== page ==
Sometimes, you just need a little help. After all, you're only one person and if you're trying to run a business, you've got a lot on your plate. Fortunately, you can rely on the likes of a personal assistant to handle a variety of tasks and take many of the tedious details off of that aforementioned plate. In trying to figure out how much you'll spend on a personal assistant, there are a lot of variables that you have to consider.
In this guide, we'll go through the various costs associated with hiring help in the form of a personal assistant. There's a lot more to it than just their salary. You also got to factor in benefits, overhead, taxes, insurance, and other expenses that are going to come up. Because of that, figuring out how much you are going to spend on a personal assistant depends largely on what you need.
Before we dive in, let's clear one thing up. Hiring a personal assistant, or any employee for that matter, is an investment, not an expense. You are spending money to get something that will help your business be more efficient and grow faster while providing a better level and quality of service to your audience. You're not just throwing money down the drain (that is, as long as you hire the right person for the job).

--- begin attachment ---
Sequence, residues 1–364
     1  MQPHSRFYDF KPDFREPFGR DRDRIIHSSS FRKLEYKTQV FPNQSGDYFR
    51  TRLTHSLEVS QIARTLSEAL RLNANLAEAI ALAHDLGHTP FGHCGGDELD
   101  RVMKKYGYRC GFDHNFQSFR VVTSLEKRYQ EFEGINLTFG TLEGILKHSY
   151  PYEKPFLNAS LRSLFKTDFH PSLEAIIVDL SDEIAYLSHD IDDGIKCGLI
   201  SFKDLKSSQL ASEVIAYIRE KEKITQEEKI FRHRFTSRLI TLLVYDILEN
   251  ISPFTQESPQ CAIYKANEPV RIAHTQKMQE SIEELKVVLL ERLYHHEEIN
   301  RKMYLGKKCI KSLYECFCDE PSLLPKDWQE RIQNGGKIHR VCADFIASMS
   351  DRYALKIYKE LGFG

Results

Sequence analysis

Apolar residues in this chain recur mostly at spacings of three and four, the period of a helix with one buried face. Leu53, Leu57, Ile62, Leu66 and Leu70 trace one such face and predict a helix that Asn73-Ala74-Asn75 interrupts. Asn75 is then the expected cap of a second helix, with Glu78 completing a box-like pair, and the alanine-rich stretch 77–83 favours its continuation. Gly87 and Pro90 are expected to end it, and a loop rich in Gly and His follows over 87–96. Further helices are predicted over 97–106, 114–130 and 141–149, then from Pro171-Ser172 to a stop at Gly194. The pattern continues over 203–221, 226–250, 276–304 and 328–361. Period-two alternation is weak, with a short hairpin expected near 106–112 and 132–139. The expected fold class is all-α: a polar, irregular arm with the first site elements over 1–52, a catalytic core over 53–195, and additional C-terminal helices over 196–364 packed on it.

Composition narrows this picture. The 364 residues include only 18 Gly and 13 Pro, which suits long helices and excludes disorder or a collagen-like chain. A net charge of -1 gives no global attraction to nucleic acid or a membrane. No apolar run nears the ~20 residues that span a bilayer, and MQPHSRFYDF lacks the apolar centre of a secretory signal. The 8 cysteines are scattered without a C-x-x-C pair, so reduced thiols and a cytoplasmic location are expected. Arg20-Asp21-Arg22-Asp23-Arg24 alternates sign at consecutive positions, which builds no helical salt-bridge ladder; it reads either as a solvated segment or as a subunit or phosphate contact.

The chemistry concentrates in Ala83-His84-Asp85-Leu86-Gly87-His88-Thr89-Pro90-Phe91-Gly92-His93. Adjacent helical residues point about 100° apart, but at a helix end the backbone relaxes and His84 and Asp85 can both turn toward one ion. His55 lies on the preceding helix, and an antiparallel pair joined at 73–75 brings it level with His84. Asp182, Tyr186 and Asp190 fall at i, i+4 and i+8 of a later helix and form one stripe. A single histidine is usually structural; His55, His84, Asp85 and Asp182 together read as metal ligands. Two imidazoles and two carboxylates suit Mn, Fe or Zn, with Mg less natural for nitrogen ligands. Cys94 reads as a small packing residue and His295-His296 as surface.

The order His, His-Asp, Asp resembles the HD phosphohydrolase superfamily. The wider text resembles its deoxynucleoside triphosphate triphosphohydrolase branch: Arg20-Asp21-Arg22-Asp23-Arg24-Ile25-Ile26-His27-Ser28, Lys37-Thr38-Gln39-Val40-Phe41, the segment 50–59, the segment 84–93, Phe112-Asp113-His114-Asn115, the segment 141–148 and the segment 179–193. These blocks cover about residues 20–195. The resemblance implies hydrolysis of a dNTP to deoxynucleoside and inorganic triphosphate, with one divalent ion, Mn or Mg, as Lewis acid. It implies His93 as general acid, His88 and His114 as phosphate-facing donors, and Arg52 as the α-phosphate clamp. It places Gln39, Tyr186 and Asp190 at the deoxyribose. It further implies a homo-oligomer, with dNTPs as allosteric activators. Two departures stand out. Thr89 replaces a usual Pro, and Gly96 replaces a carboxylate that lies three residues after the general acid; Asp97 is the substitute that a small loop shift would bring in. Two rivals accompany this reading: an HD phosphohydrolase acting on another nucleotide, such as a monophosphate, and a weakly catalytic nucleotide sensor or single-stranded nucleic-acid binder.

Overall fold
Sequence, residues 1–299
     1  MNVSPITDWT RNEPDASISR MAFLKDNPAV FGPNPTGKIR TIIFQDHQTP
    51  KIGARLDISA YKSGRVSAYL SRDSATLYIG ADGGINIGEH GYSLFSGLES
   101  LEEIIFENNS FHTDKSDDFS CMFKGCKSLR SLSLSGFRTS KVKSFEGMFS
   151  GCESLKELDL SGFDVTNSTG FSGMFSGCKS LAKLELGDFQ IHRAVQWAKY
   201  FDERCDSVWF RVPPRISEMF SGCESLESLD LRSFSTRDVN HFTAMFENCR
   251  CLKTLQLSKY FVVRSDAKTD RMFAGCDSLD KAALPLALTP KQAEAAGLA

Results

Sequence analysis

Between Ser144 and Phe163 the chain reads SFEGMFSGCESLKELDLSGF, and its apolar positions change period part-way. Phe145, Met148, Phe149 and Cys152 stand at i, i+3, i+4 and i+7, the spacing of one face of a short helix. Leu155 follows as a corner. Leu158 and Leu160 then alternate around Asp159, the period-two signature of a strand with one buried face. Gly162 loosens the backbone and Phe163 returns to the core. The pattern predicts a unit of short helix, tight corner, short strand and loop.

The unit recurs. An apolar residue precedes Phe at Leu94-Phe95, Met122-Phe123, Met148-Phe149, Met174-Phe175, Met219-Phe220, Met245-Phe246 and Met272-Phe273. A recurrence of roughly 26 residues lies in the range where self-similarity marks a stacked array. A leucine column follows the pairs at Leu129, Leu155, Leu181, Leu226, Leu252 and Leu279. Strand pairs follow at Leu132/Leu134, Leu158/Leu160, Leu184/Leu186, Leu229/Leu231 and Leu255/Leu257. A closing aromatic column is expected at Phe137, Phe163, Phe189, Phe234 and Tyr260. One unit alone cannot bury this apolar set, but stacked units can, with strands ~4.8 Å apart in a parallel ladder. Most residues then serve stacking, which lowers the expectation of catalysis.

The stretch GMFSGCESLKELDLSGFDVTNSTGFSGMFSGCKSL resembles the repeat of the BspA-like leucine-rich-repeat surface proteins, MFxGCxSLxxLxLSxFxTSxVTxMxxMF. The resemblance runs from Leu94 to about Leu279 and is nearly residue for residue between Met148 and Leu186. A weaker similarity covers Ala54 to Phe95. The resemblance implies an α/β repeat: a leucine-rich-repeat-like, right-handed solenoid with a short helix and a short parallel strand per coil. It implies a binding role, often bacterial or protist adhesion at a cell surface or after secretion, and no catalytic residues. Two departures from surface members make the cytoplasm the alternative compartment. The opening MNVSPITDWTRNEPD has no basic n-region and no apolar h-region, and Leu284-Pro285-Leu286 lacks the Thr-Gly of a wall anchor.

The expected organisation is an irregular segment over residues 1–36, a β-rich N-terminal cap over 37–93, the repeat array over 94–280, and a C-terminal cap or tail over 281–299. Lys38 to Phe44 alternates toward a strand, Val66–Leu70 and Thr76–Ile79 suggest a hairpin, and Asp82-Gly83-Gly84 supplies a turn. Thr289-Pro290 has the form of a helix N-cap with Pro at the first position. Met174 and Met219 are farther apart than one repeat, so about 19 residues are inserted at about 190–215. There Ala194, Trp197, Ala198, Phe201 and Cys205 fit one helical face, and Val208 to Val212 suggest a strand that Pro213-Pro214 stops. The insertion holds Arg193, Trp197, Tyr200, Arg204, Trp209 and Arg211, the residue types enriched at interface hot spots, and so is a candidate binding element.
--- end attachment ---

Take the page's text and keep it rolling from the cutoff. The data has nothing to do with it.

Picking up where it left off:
So, what's involved in this investment? And how can you figure out what you'll expect to spend?
A personal assistant is someone who can handle just about anything that you want or need. The short answer is that they can help by doing whatever it is that you need to be done. Unlike a receptionist or an executive assistant, this person spends more time running errands and taking care of tasks than sitting behind a desk. Of course, if you need someone in that role that's fine as well. The modern personal assistant is a sort of Jack of all trades, and no matter what you have in mind the chances are good that you will find it.
Many personal assistants handle scheduling and calendars, email management, social media management, travel arrangements, office organization and upkeep, and similar tasks. Some people hire personal assistants in the home, where they can handle similar tasks along with taking care of pets, picking up groceries, dropping off and/or picking up kids, etc.
Typically, the soft skills of a personal assistant are more consistent than the tasks they perform in various roles. For example, these people are calm under pressure, able to multitask, efficient, self-motivated, and have good communication skills. They're also good managers and they have good attention to detail.
A typical job listing for a personal assistant could include duties like:
As you can see, there’s a lot that you can do with a personal assistant. It would be impossible to make an exhaustive list of potential duties or abilities because this is a role that is varied in so many different ways.